Estonia, one of the first victims of a coordinated Distributed Denial of Service (DDoS) attack back in 2007, was the President of the United Nation’s Security Council for the month of June this year. As the President, Estonia’s top priority was to bring high-level attention to the threat of cyberattacks. Estonia kicked off its presidency by holding an open meeting of the UN Security Council on cybersecurity for the first time in history, raising international awareness of cyber threats and discussing the common rules needed to establish a peaceful cyberspace. With cybersecurity concerns finally reaching the forefront of diplomatic discussions, governments worldwide will begin to recognize the need for global cyber cooperation.
In July 2021, numerous media organizations exposed Israeli surveillance firm NSO Group for selling their Pegasus spyware to authoritarian governments. Those regimes would then use the company’s cyberweapon to target tens of thousands of individuals, including journalists, politicians, human rights activists, and lawyers around the globe. Known as the Pegasus Project, the investigation ultimately shined a spotlight on the increasing threat posed by cyber mercenaries (those who develop and sell cyberweapons for their clients). Over the years, the cyberweaponry industry has been booming, filled with companies referred to as private-sector offensive actors (PSOAs). The NSO Group is just one of many PSOAs. The Pegasus scandal underscores the danger of cyberweapons falling into the wrong hands and the necessity for PSOAs to be held accountable for questionable sales.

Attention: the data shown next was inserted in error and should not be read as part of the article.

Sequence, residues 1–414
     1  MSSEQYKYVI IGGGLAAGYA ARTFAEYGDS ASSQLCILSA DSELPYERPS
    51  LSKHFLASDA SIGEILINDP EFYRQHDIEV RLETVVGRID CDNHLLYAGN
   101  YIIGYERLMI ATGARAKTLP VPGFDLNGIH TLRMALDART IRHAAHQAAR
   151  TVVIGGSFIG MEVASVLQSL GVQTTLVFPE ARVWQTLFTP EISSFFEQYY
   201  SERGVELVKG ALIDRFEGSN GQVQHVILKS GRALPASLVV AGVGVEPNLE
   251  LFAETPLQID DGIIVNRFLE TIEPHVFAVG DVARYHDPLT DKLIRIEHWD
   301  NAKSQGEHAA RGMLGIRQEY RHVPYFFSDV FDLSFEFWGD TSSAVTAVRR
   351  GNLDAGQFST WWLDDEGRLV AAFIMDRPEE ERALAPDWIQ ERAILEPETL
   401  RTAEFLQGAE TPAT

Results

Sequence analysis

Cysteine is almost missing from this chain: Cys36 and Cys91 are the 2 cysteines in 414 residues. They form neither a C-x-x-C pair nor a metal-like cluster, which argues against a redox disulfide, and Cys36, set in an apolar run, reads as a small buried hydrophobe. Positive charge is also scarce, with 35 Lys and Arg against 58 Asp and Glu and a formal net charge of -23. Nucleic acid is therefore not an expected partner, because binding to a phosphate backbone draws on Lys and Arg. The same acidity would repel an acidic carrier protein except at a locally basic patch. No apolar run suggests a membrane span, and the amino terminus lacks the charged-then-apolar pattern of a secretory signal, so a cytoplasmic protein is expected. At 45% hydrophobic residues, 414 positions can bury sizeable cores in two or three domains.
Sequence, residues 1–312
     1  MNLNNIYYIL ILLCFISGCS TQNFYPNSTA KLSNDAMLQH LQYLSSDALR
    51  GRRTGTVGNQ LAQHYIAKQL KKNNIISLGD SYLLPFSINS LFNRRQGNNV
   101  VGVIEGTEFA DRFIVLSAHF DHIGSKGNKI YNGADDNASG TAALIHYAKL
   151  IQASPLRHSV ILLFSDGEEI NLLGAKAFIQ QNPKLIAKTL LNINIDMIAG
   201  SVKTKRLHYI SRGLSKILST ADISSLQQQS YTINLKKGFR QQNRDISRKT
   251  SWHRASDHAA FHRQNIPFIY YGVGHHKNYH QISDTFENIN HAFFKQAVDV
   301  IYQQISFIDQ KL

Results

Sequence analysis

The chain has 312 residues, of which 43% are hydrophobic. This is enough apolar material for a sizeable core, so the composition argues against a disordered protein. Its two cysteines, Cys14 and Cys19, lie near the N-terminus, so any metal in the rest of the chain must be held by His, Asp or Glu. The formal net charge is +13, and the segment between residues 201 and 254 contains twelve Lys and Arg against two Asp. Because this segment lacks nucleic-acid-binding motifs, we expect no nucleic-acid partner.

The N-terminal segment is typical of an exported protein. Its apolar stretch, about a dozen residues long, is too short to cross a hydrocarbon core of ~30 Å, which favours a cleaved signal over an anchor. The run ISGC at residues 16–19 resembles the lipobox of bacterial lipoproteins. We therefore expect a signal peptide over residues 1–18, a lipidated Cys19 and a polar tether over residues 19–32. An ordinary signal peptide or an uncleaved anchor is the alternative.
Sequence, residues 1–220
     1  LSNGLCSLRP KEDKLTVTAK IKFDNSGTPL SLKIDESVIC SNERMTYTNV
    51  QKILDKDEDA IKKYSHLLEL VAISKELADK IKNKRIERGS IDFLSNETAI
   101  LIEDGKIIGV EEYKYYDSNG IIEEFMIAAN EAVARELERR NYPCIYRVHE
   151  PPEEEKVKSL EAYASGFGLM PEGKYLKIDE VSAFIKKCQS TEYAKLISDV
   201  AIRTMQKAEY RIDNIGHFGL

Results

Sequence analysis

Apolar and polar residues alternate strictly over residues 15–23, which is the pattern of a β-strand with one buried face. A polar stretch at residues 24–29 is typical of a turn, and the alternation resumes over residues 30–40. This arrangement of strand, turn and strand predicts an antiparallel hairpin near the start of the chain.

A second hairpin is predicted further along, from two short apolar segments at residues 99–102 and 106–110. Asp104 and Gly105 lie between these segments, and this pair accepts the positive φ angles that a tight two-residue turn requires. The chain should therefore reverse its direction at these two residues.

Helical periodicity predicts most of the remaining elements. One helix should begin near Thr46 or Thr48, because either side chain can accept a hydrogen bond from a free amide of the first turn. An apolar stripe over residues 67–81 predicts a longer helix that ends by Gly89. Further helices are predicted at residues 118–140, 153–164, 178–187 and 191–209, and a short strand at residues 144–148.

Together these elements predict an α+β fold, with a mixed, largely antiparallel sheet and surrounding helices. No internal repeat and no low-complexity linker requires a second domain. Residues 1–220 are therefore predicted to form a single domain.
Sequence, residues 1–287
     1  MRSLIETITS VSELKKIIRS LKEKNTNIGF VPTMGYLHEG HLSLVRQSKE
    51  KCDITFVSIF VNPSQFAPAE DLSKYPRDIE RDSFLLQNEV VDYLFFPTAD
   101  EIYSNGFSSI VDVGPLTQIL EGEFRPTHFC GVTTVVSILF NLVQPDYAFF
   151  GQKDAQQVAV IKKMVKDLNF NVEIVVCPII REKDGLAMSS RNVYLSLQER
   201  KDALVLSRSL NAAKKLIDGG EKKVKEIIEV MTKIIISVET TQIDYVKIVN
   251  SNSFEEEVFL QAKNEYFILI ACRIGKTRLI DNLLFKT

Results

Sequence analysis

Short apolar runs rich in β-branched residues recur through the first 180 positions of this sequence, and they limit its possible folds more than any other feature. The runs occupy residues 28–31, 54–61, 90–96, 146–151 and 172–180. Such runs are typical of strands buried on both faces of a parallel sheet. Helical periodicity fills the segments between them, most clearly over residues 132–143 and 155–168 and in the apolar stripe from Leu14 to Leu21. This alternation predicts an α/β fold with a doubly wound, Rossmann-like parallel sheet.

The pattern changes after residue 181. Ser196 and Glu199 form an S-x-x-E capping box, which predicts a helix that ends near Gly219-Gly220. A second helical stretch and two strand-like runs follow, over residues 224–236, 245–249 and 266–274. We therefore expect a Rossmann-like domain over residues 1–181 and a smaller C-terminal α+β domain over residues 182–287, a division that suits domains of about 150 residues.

In March of 2021, the United Nations Open-Ended Working Group on cybersecurity released its final report after nearly two years of deliberations. The report establishes expectations for responsible state behavior online, such as affirming the authority of international law in cyberspace, recognizing a need to protect healthcare infrastructure from cyber threats, and acknowledging the importance of cybersecurity capacity building. Less than six months later, the UN Group of Governmental Experts also published their recommendations on how governments can protect our shared Internet from cyber threats. Outside of what countries should do to reduce this threat, such as establishing off-limit cyberattack targets, the GGE recommendations recognize that international cooperation is essential for maintaining stability in cyberspace. These two UN documents represent an encouraging step in the right direction, as they offer governments a road map to digital peace.